By: Jan Stipek, Principal – Secondary Years
A timetable is probably the most complex thing at the school: it does not only determine who is where when but it also makes an important statement about the school’s approach to education philosophy and values.
Gone are the days when the timetable was uniform – 5 days a week, all lessons the same length. As with many things in education, tradition plays a more important part than we would like to think.
Here is an example: Students love their summer holidays, (of course they do!) but the reason for this 6-to-8 weeks off period is not neuroscience and research telling us the brain needs this time to ‘recharge’.
The real reasons date back to the European education reforms of the 18th and 19th centuries and are rooted in our agricultural heritage – children were simply needed to help out with harvest in the summer.
One societal norm leads to another and though the concept of ‘year-round schooling’ with shorter school breaks distributed fairly equally over 12 months makes sense. There are very few schools around the world ‘off the traditional academic year grid’.
Back to the timetable: an effective timetable provides the rhythm to a school day and maximizes learning opportunities for all learners, both in and out of the traditional class setting. While there isn’t the one perfect model, some of the common attributes of an effective timetable are:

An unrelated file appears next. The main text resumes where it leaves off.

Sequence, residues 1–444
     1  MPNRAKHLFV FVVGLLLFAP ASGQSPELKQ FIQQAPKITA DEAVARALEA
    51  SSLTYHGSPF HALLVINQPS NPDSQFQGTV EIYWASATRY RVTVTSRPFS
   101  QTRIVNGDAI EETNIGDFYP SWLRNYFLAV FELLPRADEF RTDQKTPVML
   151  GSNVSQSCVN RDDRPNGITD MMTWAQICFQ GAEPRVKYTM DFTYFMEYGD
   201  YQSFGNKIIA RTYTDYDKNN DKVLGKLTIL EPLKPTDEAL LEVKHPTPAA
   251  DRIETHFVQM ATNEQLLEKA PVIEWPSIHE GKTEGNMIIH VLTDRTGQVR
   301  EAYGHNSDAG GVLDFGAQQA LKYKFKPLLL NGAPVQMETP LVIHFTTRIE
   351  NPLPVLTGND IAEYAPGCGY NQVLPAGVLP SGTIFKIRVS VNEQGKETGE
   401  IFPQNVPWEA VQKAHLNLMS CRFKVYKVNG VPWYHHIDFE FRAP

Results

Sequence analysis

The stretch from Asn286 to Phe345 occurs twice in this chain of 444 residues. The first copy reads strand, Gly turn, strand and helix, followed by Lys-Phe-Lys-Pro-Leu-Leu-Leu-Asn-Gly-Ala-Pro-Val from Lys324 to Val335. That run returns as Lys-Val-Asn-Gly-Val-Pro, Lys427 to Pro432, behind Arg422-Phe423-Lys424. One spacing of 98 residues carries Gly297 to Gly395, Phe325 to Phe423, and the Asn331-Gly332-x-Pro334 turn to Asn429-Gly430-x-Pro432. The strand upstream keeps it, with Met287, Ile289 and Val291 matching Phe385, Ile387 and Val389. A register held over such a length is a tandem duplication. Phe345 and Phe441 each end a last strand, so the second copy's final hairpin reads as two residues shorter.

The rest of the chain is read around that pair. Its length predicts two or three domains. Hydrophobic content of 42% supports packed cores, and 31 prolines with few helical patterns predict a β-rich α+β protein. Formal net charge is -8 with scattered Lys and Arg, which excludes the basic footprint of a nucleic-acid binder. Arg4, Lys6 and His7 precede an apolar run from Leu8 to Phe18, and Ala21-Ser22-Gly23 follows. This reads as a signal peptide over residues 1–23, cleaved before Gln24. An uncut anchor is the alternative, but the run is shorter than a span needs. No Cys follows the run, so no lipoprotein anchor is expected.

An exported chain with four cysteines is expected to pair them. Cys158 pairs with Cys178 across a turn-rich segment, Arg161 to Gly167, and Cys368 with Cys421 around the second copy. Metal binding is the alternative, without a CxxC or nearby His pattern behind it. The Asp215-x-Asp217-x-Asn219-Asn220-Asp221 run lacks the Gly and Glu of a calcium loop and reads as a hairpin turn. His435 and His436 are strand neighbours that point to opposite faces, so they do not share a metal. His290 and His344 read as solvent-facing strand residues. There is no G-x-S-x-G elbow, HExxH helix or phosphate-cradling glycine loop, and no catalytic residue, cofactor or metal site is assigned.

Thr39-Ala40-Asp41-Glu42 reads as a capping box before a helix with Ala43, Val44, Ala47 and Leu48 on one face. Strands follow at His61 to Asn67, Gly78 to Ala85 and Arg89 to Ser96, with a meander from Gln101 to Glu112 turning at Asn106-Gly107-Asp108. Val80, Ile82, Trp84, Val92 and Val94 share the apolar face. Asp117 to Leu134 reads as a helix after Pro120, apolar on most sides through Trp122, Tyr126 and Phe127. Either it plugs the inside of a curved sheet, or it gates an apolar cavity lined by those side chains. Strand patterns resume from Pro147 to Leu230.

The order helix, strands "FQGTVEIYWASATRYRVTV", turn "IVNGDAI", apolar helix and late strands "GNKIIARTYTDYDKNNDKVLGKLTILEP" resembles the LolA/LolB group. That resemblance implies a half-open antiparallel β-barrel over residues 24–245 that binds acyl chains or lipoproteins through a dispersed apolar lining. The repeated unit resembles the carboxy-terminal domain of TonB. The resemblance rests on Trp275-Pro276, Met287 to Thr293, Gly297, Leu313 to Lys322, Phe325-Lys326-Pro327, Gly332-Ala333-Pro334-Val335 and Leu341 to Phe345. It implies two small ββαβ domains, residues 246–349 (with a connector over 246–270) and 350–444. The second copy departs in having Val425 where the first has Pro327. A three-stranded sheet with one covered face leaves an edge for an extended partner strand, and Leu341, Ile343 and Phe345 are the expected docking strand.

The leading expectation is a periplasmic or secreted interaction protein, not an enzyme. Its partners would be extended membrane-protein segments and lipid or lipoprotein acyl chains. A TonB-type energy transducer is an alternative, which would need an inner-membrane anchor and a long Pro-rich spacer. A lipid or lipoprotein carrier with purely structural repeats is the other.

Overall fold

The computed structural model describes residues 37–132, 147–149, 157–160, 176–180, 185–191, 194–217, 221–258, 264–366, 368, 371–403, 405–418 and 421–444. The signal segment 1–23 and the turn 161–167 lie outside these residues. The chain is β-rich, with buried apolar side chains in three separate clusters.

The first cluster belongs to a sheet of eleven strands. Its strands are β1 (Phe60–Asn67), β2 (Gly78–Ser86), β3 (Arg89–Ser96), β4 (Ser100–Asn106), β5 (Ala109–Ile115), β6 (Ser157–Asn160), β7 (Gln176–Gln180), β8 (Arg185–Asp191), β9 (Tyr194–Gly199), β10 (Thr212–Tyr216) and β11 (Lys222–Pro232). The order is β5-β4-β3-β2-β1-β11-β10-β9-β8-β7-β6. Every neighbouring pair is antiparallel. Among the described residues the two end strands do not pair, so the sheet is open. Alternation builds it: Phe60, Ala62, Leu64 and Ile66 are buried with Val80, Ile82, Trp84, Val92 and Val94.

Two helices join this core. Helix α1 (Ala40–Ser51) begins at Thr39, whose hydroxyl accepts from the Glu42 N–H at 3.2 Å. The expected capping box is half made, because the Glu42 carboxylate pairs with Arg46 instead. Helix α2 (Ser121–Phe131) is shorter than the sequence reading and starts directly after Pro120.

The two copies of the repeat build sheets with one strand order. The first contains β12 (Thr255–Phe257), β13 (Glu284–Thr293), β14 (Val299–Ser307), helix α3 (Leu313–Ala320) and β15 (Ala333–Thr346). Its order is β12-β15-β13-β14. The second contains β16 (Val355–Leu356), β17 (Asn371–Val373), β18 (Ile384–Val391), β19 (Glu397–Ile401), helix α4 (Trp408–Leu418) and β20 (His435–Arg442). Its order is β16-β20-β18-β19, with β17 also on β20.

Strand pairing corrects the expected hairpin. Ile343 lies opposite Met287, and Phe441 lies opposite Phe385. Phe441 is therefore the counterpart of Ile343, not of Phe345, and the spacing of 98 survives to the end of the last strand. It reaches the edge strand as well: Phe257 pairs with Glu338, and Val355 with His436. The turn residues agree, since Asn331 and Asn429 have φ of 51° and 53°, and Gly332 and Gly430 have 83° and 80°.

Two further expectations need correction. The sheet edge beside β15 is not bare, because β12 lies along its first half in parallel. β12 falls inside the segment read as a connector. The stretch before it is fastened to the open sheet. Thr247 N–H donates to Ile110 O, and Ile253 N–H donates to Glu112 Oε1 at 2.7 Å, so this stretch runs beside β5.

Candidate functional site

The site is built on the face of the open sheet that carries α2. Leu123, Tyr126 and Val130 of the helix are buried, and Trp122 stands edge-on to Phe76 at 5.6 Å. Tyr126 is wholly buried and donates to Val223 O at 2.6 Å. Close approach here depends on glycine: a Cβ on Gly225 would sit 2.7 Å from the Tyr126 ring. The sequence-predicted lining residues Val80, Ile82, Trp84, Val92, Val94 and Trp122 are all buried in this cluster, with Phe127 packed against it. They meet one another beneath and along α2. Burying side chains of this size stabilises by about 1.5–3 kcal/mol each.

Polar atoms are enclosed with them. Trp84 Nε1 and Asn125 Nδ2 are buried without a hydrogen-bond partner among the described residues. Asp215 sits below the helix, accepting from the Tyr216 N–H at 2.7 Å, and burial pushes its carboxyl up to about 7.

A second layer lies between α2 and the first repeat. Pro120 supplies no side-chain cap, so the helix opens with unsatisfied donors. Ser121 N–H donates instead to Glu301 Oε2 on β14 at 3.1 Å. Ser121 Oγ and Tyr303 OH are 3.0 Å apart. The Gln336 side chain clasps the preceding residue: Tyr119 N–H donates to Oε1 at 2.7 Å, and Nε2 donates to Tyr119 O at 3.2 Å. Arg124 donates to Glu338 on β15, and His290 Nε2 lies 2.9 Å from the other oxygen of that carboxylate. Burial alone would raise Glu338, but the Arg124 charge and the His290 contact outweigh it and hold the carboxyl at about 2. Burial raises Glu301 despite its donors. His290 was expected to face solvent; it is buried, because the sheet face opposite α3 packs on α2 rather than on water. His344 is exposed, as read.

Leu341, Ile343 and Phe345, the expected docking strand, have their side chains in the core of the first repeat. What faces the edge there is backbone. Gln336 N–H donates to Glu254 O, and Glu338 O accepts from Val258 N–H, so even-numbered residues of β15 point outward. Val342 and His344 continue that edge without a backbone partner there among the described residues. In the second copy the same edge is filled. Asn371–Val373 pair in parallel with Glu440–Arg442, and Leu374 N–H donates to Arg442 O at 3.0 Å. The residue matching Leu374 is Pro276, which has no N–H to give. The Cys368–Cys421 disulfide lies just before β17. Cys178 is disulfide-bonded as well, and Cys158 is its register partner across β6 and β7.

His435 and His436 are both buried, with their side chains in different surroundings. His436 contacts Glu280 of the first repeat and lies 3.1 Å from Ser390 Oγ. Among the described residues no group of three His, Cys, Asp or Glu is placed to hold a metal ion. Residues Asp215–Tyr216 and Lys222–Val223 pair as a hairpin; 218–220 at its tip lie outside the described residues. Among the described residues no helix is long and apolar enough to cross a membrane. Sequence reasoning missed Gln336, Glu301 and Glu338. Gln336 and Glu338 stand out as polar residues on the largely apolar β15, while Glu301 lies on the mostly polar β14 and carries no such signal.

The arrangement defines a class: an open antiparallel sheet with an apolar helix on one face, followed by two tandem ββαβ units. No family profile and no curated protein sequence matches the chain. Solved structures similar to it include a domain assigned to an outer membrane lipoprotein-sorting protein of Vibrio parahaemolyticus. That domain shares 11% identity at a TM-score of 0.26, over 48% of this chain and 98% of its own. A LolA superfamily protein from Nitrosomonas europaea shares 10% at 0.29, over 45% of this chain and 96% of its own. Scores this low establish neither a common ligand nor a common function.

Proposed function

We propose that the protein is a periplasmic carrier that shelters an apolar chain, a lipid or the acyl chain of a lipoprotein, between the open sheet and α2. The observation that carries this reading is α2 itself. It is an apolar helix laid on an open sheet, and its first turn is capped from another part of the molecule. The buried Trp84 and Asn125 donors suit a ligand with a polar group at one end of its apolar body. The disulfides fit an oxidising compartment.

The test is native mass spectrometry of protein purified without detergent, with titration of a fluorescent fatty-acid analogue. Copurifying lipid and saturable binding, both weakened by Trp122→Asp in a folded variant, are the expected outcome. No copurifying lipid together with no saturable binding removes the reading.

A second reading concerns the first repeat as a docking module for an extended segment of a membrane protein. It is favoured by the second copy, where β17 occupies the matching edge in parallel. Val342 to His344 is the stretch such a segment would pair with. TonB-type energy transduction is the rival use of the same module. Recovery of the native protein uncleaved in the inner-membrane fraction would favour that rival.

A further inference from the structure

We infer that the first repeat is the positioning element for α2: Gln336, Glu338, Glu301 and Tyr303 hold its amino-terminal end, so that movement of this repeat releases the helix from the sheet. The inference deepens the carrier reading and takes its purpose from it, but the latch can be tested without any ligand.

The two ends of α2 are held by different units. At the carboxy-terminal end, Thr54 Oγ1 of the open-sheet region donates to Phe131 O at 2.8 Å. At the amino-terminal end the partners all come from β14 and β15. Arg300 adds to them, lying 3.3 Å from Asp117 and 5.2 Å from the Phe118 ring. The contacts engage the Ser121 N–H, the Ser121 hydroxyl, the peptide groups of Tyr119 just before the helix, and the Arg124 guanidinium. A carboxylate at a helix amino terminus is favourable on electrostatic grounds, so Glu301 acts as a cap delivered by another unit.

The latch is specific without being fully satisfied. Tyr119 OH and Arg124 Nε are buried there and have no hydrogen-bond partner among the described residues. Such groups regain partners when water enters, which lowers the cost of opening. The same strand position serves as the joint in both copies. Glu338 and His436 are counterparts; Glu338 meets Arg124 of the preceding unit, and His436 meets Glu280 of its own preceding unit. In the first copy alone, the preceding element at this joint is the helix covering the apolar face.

- Rotates to avoid the ‘same last lesson on Friday’ syndrome and the same lessons being ‘lost’ due to public holidays and other non-teaching days
- Recognizes that different subjects may need different lesson lengths
- Meets prescribed curricular/programme requirements
- Maximizes course selection flexibility, (for example for Diploma Programme subject choices)
- Builds in regular study hall or literacy time to reflect and consolidate knowledge
And, of course, the ideal timetable would consider developmental and age factors so that our teenage students could start their day at 10am or even later. But just like with the summer holidays example above – established norms and some practical reasons do not always allow this.
There is a complexity behind timetabling and progressive schools review their timetables regularly to ensure they keep meeting their students’ needs.